No Other Choice: Why Truman Dropped the Atomic Bomb on Japan

"Truman and his advisers made the only decision they could have made; indeed, considered in the context of World War II, it wasn’t really much of a decision at all."

Imagine if Truman had decided to hold back. The war ends, with yet more massive bloodshed, probably at some point in 1946. Truman at some point reveals the existence of the bomb, and the president of the United States explains to thousands of grieving parents and wounded veterans that he did not use it because he thought it was too horrible to drop on the enemy, even after a sneak attack, a global war, hundreds of thousands of Americans killed and wounded in two theaters, and years of ghastly firebombing. Seventy years later, we would likely be writing retrospectives on “the impeachment of Harry S. Truman.”

Finally, what about the argument, imbued (wrongly) in several generations of students of international relations, that Truman only dropped the bomb in order to impress the Soviets and establish U.S. dominance in the coming Cold War?

There’s no doubt that the Americans wanted the war over before the Soviets could enter Japan—ironically, something we ourselves had asked them to do when we thought we would have to invade. From the victory at Stalingrad in 1943 onward, U.S. leaders (at least those other than the sickly Roosevelt) realized that Stalin’s Soviet Union was not interested in a peaceful world order policed by the great powers. The Americans were in a hurry to force a Japanese surrender, but they had no way of knowing whether that surrender was imminent. Ward Wilson, for one, claims that the Japanese surrendered not because of the bomb but because of the Soviet entry into the Pacific war, but only the most cold-blooded president would have counted on this and held America’s greatest weapon in reserve.

Again, consider the counterfactual. For years after World War II, the Soviets charged that the nuclear attacks on Japan were a warning to the USSR. Imagine, however, a world in which America held back the bomb, and allowed the Soviets to fight their way through Japan, taking huge casualties along the way. The speeches Stalin and his successors would have given during the Cold War write themselves: “America allowed Soviet soldiers to spill their blood on the beaches of Japan, while Truman and his criminal gang protected the secret of their ultimate weapon. We shall never forget, nor forgive, this squandering of Soviet lives…”

In reality, of course, as soon as the bomb was tested, Truman told Stalin that America had a weapon of great power nearing completion. Stalin, well informed due to his spy networks inside the U.S. nuclear effort, knew exactly what Truman meant, and he told the U.S. president to make good use of this new addition to the Allied arsenal. Both leaders were being cagey, but it was really the only conversation these two men, leading huge armies against the Axis, could have had in 1945 that would have made any sense.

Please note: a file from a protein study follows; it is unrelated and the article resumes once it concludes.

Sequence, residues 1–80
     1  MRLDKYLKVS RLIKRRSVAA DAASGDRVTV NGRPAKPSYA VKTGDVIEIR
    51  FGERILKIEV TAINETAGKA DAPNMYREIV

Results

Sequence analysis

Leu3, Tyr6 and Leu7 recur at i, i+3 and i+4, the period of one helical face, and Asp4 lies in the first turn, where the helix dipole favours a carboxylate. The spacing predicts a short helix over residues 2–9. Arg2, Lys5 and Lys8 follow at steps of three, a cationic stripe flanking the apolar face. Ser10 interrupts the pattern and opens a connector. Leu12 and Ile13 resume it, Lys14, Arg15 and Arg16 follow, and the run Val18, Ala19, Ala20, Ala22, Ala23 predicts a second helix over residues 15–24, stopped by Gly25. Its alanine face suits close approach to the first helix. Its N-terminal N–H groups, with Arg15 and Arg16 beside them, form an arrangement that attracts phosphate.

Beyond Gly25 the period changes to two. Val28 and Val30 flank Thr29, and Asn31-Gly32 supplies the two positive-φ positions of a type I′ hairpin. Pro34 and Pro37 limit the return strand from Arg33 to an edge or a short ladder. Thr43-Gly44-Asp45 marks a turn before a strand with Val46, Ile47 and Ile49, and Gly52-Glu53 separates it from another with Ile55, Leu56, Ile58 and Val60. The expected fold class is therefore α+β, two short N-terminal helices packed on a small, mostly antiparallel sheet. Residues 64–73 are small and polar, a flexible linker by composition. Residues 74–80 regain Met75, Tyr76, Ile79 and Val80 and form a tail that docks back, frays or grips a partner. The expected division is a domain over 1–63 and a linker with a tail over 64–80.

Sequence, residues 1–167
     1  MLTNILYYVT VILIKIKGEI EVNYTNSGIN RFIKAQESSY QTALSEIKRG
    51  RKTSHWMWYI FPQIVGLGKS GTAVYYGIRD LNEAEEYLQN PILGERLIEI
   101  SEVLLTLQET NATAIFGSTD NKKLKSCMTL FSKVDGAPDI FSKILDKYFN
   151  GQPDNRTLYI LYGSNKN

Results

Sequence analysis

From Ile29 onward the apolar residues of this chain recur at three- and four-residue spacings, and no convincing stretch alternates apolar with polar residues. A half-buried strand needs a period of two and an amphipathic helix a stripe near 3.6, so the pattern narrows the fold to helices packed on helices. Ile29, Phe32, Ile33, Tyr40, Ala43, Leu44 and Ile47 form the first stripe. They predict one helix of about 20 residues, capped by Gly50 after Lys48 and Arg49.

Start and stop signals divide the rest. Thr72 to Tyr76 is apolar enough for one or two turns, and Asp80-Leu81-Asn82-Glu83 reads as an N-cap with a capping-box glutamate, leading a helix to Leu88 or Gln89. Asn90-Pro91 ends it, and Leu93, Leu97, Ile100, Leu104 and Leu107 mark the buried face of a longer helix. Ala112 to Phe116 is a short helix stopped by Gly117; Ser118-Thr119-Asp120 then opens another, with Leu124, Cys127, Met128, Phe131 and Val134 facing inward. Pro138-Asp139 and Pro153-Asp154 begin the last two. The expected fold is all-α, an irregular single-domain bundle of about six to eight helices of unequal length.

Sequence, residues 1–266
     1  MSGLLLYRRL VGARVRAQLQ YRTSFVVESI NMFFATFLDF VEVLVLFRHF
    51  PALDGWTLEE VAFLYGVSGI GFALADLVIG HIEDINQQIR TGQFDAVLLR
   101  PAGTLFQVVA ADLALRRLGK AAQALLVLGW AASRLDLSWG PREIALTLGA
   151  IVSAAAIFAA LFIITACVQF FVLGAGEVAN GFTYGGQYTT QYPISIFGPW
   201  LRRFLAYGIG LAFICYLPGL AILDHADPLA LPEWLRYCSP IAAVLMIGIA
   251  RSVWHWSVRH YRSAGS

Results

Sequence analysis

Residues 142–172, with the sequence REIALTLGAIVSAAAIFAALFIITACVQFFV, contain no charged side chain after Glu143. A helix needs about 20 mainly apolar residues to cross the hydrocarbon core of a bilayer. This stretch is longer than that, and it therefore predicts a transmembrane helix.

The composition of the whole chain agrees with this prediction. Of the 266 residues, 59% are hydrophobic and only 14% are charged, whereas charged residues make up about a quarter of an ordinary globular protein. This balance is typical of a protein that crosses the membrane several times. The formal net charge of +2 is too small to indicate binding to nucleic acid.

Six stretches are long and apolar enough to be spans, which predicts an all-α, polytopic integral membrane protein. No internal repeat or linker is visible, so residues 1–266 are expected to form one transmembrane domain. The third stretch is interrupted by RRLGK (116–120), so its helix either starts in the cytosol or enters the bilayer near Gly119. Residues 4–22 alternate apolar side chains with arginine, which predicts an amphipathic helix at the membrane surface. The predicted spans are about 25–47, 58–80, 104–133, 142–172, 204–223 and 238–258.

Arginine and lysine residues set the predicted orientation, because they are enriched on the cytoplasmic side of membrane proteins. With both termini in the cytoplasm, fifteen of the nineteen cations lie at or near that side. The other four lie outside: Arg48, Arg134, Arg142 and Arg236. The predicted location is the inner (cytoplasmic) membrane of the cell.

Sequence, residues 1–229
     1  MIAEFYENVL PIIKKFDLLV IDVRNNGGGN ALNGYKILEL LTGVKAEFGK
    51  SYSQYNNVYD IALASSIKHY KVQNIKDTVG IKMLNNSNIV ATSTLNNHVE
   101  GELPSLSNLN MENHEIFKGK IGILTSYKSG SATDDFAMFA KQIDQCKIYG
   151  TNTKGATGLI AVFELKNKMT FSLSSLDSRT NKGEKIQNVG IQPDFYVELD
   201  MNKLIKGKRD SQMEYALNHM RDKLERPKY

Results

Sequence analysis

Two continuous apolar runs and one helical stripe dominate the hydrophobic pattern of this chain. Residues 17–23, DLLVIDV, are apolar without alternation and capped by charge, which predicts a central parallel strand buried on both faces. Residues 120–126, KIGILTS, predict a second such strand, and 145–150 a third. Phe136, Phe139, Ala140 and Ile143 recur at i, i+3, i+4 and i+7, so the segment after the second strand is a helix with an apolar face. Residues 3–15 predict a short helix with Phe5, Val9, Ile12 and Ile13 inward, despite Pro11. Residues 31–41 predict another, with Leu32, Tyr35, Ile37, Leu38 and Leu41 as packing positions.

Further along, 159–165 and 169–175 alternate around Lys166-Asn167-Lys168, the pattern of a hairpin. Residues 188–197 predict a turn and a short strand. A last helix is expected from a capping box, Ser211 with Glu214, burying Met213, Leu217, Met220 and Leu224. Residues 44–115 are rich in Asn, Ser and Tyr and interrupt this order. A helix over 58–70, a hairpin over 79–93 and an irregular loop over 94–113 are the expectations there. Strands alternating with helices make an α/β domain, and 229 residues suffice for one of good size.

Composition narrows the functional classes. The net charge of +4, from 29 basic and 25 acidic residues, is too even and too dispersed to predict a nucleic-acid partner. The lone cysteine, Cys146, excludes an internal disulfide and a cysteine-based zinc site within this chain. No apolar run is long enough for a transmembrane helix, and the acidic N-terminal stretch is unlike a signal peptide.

In the 1995 film Crimson Tide, Gene Hackman played a Navy captain whose views are no doubt how critics see American thinking about the decision to use nuclear weapons. “If someone asked me if we should bomb Japan,” he opines while enjoying cigar in the wardroom, “a simple ‘Yes.’ By all means, sir, drop that [expletive]. Twice.”

The actual decision to drop the bomb was not nearly as casual as “a simple yes.” Critics of the decision to use the “special bomb” in 1945 are judging men born in the 19th century by the standards of the 21st. Had Truman and his commanders shrunk from doing everything possible to force the war to its end, the American people would never have forgiven them. This judgment no doubt mattered more to these leaders than the disapproval of academic historians a half century later, and rightly so.

Nuclear arms are hideous, immoral weapons whose existence continues to threaten our civilization. To say, however, that Harry Truman should have sacrificed hundreds of thousands of American lives because of what happened in the nuclear arms race decades later is not only ahistorical, it is moral arrogance enabled from the safe distance provided by time and victory.

Tom Nichols is Professor of National Security Affairs at the Naval War College and an adjunct at the Harvard Extension School. His most recent book is No Use: Nuclear Weapons and U.S. National Security (University of Pennsylvania, 2014) The views expressed are his own. You can follow him on Twitter:@TheWarRoom_Tom.

Image: Wikimedia Commons/Public Domain